When we went to the playground the other day, my two-year old son, Eddie, insisted on taking his two Elmo dolls with us. One is large and covered in red fur. The other is small and made of red cloth. Eddie placed the two dolls down on the ground when he went to play with the digger, a shovel that is controlled by two levers.
Next to the digger was a roundabout, a big metal disc that children run alongside and then hop on. There were two boys on the roundabout who must have been brothers as they looked almost identical. By the time Eddie got off the digger and went over to the roundabout, the two boys had moved on. Eddie placed his two Elmo dolls on the roundabout and then sat down. I grabbed one of the rails and ran around the outside of the disc to get it spinning.
“Hold on, pal,” I said.
He sat in the middle for a moment spinning with his two Elmo dolls but soon grew bored. He tried to get off before it had stopped spinning.
“Wait,” I said, and stopped the ride from moving.
He climbed down with the two dolls and went over to the swings, where the two brothers had gone. There was one boy in each swing, and their father was pushing both of them at once. Eddie stood behind them and watched. The boys soon got down from the swings and left. Eddie placed the larger Elmo doll in one of the swings and pushed once but soon saw the slides across the way. He grabbed the doll and walked over.
The slides were attached to a big plastic tree, which was hollowed out on the bottom and had a tree house on top. Eddie walked into the hollowed out bottom and placed his two Elmo dolls on the floor. He walked over to one of the windows in the tree and popped his head out.
Soon, a girl who was a lot taller than Eddie, walked into the hollowed out bottom and began talking to my son. She had an English accent and was telling Eddie that her name was Victoria, and she was three years old. I couldn’t hear what else she’d said, but the next thing I saw was her holding Eddie’s hand and guiding him up the stairs to tree house.
My husband and I sometimes regret not having another child because we deprived Eddie of a sibling. We try to fill the void by running around with him, hiding behind trees, kicking balls, playing tag, but it’s tiring. My husband and I are close to 50. We don’t have the stamina to be siblings.
People who practice yoga and other mystical voodoo believe if you ask the universe for things, it will give them to you. After seeing those two boys together at the playground, I wished Eddie had a sibling – and then along came Victoria. She wasn’t just a playmate. She was as nurturing and avuncular as an older sister.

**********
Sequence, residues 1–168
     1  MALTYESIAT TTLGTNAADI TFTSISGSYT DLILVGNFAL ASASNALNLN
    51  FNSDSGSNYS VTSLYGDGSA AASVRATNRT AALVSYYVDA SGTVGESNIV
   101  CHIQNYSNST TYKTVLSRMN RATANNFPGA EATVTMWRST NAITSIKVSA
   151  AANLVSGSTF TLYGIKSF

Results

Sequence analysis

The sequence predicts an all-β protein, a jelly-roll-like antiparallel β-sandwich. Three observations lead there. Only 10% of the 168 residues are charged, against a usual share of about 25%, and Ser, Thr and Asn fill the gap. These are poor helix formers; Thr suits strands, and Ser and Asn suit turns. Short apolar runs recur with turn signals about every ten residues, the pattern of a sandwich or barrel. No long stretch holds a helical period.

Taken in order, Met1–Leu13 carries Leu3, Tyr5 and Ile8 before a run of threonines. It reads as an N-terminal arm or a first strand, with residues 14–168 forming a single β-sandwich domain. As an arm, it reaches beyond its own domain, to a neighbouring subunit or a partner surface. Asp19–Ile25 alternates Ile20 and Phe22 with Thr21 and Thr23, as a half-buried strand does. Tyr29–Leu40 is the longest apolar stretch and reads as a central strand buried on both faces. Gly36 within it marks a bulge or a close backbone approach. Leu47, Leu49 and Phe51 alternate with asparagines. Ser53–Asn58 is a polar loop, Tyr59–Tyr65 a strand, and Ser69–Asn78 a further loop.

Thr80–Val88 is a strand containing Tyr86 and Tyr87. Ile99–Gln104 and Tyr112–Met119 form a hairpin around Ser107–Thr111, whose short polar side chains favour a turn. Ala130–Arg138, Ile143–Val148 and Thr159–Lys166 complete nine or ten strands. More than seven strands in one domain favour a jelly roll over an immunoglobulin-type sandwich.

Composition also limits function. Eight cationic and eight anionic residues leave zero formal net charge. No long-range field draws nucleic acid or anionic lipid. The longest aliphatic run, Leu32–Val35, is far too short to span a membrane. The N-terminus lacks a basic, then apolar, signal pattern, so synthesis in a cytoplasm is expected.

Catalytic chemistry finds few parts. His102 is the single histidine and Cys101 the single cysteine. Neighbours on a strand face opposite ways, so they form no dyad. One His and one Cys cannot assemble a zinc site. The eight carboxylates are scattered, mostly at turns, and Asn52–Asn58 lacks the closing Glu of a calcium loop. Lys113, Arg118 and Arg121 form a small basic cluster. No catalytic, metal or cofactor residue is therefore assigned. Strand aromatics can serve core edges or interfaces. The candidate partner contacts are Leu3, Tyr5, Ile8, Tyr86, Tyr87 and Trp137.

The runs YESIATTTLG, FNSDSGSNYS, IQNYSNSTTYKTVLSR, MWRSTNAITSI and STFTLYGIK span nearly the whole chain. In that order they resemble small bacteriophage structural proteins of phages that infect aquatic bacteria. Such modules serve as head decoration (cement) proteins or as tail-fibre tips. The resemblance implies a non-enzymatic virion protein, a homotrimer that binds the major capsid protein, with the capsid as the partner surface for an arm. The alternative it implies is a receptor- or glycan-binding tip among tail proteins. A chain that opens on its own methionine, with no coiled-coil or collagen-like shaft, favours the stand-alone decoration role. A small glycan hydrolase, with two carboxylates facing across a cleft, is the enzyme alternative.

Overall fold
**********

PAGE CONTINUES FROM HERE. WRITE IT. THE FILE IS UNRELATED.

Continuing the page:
When Victoria reached the landing of the tree house, she stood on one side near a telescope. Eddie walked over to the other side and popped his head out a window and began calling for me.
“Why don’t you come down the slide,” I said.
“Nooo,” he said.
I climbed up the ladder to the tree house and help him down. Victoria followed us down.
“But you can’t go down yet,” she said in that thick English accent. “The water is coming, and you need to stay on high ground.”
She started to take Eddie’s hand to guide him back up to the tree house.
“Nooo,” he said.
“But you mustn’t stay down here. The water will be rising, and we’re all going to drown,” she said. “I’ll take your hand, okay?
She tried to take Eddie’s hand, but he shook her off. He walked over to me and took my hand and walked me over to a ladder that led up to the tree house.
“I go here,” he said.
“That’s pretty big, pal. That’s for big kids,” I said.
He ignored me and began to climb the ladder. Victoria was soon at my side, and said, “I’ll go up behind him.”
She scooted up the ladder behind Eddie. As he neared the top, he didn’t seem to have the strength to lift his foot high enough to reach the top rung. He began to fall backward. Victoria caught him, and then I caught her.
“All right. Enough of the tree house,” I said. “Let’s try the swing.”
Eddie didn’t want to go on the baby swings, which are fully enclosed like little baskets. He wanted to ride on the regular swings. I placed him on one and told him to hold onto the metal chains. I gave him a little push and told him to then use his legs to keep up the momentum, but he didn’t understand how to do that. Victoria offered to push him, but she did it in a very jerky manner, pushing him from the front rather than the back and shoving him rather than gently pushing.
“Try pushing him from behind,” I told her.
She moved behind Eddie but continued to shove rather than push.
“Okay, I’ve got it covered,” I told her, stepping in behind Eddie.
As Victoria and I stood there for a moment, Eddie suddenly fell forward onto the ground and began to cry.
“Oh, pal,” I say, picking him up and cuddling him. “Where does it hurt?”
“Boo boo,” he said. “Eddie crying.”
“I know you’re crying. Where does it hurt?” I said.
He didn’t answer.”
“Where is his boo boo? Why doesn’t he answer?” Victoria asked, her head wedged in between me and Eddie.
“Ice,” Eddie said.
I went to the car to get Eddie’s lunch bag, which had ice. He held it briefly on his arm, and when he seemed sufficiently recovered, Victoria took his hand again and began pulling it.
“C’mon,” she said.
“Mommy,” he said, turning to look back at me as she guided him back toward the tree house.
“Victoria, I think we’ve had enough of the park for today,” I said and took Eddie’s hand.
She walked us to our car and said goodbye and rubbed the side of Eddie’s arm. It was good we met Victoria, because she caught him when he nearly fell off the ladder. But she was as cloying and bossy as an older sister. As we drove off, I think Eddie was happy to be alone again.